LOGAN (News4Utah) – Some people don’t know how to properly dispose of a gun, which is probably why two of them have been found in the sorting line at the Revolve Recycling plant in the last six months.
Lee Kinder, plant manager for Revolve Recycling, said employees discovered a handgun Monday on their single-stream line.
“It was a little bit of a shock to actually see it. Everybody wondered whether it was really real so we’ve tried to explain to them that even if it’s not, we want to make sure we stop the line just for the safety of all involved,” said Kinder.
He said that stopping the production line is a big deal for their company.
“It costs anywhere between $700 to $900 an hour to run that piece of machinery. Shutting it down for any long, extended period of time is actually a detriment to our production,” said Kinder. “We really try not to stop as much as we possibly can, but in the same token too, we want our employees to be safe.”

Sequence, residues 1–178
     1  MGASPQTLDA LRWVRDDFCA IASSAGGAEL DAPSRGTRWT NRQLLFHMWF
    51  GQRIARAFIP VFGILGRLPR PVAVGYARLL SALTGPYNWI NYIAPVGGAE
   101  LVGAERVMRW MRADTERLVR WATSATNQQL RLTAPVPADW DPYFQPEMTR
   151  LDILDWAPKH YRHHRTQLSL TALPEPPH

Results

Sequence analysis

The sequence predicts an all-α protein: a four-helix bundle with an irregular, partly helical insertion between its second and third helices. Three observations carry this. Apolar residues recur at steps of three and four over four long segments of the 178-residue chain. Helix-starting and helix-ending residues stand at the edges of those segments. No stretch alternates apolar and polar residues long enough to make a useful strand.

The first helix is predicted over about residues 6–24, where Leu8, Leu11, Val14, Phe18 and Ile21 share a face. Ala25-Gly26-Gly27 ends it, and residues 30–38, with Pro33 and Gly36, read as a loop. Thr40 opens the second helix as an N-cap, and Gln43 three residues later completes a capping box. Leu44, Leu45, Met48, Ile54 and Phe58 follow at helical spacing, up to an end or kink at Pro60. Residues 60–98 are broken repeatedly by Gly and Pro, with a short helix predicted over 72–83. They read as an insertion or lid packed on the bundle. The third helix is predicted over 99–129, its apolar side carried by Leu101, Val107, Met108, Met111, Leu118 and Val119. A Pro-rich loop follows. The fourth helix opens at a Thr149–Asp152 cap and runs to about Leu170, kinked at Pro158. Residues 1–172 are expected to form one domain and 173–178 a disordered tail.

After Kinder was alerted about the handgun, he contacted law enforcement and turned it over to them. While the act of recycling is beneficial, Captain Curtis Hooley with Logan Police Department said guns do not belong in the blue bin.
“People do go through recycling bins to see what’s in there. We don’t want guns to be put into the hands of people that shouldn’t have. whether it’s a child or an adult with a criminal background who could use that for something dangerous,” said Cpt. Hooley.
If you want to get rid of your gun, Cpt. Hooley said this is how to safely dispose of it:
- Destroy it
- Turn it into your local law enforcement office
- Sell it to a federally firearms-licensed dealer
Cpt. Hooley said their department is looking for who the gun belongs to and how it got into the recycling bin before they’ll decide if they’ll press charges. They’ve tracked the ownership to Utah county.
Kinder said Revolve Recycling is establishing a safety protocol in the case their employees encounter a firearm or deadly weapon again.